So I asked him, “How do you let it go… the suffering you see when you visit people all the time?”
He said that he recognizes the inevitability of all of it. “To everything, there is a season…” including a time to die. We will all die… it’s an inevitable part of the Journey. And everybody experiences suffering at some time in life… and the vast majority of suffering is emotional (even when it’s also physical.)
Letting it go comes from being able to watch your mind – the disciplined practice of mindfulness. A hundred times a day he asks himself, “How am I doing?” to check what he is doing with his mind. Is he staying in peace and acceptance…. or wandering into resistance? Is he falling into the trap of taking on someone else’s Journey? What is mine to do?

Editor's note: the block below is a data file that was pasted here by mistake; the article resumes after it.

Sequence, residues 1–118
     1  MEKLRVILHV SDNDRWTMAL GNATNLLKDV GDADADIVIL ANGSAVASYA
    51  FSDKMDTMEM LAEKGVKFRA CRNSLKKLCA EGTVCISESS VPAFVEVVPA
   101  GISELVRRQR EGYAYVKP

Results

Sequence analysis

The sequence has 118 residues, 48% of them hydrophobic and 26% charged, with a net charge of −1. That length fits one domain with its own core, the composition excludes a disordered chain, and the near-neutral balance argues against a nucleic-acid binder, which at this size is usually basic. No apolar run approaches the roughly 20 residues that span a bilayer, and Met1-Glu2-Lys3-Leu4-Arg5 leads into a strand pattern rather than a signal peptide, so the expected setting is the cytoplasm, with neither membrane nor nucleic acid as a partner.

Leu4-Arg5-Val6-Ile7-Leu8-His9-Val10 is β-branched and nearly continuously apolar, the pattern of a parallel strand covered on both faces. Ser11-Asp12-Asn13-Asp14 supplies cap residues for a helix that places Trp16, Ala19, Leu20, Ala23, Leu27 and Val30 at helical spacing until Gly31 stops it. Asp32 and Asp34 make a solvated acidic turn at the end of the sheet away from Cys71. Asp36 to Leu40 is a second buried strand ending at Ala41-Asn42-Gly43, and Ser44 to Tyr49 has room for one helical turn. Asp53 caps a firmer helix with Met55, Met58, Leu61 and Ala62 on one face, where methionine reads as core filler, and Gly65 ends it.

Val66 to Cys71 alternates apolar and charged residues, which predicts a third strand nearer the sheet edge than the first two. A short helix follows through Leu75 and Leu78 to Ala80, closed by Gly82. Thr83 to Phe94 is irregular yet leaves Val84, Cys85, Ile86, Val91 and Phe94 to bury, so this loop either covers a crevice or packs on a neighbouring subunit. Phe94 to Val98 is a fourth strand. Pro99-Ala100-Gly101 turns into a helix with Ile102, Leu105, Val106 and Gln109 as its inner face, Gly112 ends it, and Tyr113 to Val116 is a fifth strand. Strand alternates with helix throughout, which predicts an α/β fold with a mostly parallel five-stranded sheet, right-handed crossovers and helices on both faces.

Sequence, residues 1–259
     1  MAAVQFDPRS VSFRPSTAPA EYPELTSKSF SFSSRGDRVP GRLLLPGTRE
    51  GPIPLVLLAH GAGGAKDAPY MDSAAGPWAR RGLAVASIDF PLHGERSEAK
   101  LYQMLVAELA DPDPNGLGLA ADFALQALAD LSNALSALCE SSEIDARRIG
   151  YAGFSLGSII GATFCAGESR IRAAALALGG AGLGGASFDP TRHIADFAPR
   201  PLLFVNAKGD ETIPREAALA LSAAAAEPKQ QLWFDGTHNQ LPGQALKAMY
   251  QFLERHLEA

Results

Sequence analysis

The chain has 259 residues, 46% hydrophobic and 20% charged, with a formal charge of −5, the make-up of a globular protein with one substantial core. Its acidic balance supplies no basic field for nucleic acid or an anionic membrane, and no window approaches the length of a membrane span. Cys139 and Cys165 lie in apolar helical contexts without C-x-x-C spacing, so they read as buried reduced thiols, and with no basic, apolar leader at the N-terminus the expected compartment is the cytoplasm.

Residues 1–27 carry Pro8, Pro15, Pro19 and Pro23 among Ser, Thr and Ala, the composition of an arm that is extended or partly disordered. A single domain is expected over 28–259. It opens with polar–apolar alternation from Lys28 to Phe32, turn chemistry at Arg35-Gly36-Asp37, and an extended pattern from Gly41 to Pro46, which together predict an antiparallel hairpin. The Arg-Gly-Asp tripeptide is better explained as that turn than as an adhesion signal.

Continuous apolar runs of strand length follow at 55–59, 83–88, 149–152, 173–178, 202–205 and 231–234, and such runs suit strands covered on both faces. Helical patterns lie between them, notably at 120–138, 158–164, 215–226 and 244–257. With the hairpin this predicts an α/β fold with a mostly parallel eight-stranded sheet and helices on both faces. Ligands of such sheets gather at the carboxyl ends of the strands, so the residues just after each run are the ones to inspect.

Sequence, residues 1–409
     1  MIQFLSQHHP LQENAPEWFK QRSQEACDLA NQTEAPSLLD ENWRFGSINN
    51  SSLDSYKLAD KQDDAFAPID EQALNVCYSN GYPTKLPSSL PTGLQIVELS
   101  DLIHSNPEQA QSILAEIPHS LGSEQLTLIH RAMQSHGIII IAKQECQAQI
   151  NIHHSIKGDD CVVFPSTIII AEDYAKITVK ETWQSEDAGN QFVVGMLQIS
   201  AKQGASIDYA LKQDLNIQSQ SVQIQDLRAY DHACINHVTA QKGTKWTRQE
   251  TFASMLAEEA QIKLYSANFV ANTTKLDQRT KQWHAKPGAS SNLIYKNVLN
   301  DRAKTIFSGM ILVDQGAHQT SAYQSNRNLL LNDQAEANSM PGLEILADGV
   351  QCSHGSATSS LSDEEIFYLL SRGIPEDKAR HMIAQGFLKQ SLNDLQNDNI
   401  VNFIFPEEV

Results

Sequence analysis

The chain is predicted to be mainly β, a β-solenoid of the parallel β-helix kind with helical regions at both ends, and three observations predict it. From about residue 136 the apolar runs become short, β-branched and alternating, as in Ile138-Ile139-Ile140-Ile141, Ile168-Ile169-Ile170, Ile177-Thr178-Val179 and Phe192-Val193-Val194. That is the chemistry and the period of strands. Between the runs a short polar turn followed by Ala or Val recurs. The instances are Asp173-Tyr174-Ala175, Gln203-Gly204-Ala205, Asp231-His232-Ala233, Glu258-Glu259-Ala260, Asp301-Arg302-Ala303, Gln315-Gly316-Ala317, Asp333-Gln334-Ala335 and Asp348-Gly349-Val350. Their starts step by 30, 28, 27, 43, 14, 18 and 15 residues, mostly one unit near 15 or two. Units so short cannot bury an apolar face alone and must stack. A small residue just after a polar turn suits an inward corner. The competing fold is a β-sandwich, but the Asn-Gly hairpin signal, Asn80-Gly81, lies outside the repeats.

And if he feels called, he goes out and gives them a hug and holds their hand and sits with them in acceptance of whatever state they are in and gratitude for the experience of life at whatever level it is showing up.
When he visits people, they are grateful and temporarily distracted from their suffering. So for a few moments of that day, they exist in a State of Gratitude, instead of a State of Suffering. And that’s worthwhile.
And he sleeps like a baby at night.
To everything there is a season,
a time for every purpose under the sun.
A time to be born and a time to die;
a time to plant and a time to pluck up that which is planted;
a time to kill and a time to heal …
a time to weep and a time to laugh;
a time to mourn and a time to dance …
a time to embrace and a time to refrain from embracing;
a time to lose and a time to seek;
a time to rend and a time to sew;
a time to keep silent and a time to speak;
a time to love and a time to hate;
a time for war and a time for peace.
(I wrote this in Nov. 2013. “He” was Rev. Chad O’Shea, my dear husband, who left his body on Jan 9, 2014)